Background: There is a paucity of evidence to inform the value of pharmacogenomic (PGx) results in patients after kidney transplant and how these results differ between Indigenous Americans and Whites. This study aims to identify the frequency of recommended medication changes based on PGx results and compare the pharmacogenomic (PGx) results and patients’ perceptions of the findings between a cohort of Indigenous American and White kidney transplant recipients. Methods: Thirty-one Indigenous Americans and fifty White kidney transplant recipients were studied prospectively. Genetic variants were identified using the OneOme RightMed PGx test of 27 genes. PGx pharmacist generated a report of the genetic variation and recommended changes. Pre- and post-qualitative patient surveys were obtained. Results: White and Indigenous American subjects had a similar mean number of medications at the time of PGx testing (mean 13 (SD 4.5)). In the entire cohort, 53% received beta blockers, 30% received antidepressants, 16% anticoagulation, 47% pain medication, and 25% statin therapy. Drug–gene interactions that warranted a clinical action were present in 21.5% of patients. In 12.7%, monitoring was recommended. Compared to the Whites, the Indigenous American patients had more normal CYP2C19 (p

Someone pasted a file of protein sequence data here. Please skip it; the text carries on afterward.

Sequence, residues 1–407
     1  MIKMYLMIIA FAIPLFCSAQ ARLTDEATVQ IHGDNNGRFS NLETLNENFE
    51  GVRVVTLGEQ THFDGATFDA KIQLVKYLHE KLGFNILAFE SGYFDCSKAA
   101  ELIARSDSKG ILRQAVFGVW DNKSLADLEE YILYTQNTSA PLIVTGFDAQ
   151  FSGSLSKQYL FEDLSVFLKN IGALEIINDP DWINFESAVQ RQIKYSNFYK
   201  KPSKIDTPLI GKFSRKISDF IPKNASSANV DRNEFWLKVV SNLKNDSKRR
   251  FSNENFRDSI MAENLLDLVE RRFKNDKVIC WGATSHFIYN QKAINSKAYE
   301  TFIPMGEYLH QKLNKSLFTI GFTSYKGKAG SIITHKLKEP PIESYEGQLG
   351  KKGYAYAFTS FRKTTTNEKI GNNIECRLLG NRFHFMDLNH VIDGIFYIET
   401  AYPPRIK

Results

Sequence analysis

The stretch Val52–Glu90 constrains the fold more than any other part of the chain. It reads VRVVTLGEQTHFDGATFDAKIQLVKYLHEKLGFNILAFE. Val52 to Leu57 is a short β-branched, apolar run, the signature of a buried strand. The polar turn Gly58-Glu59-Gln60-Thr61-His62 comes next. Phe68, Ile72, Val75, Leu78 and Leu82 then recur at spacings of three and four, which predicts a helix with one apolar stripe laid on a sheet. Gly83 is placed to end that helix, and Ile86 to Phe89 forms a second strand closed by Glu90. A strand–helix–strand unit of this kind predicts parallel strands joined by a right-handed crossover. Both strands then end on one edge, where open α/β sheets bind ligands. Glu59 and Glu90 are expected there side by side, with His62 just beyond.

= 0.012) and CYP2D6 (p
= 0.012) activities. The Indigenous American patients had more normal CYP4F2 (p
= 0.004) and lower VKORC (p
= 0.041) activities, phenotypes for warfarin drug dosing, and efficacy compared to the Whites. SLC6A4, which affects antidepressant metabolism, showed statistical differences between the two cohorts (p
= 0.017); specifically, SLC6A4 had reduced expression in 45% of the Indigenous American patients compared to 20% of the White patients. There was no significant difference in patient perception before and after PGx. Conclusions: Kidney transplant recipients had several drug–gene interactions that were clinically actionable; over one-third of patients were likely to benefit from changes in medications or drug doses based on the PGx results. The Indigenous American patients differed in the expression of drug-metabolizing enzymes and drug transporters from the White patients.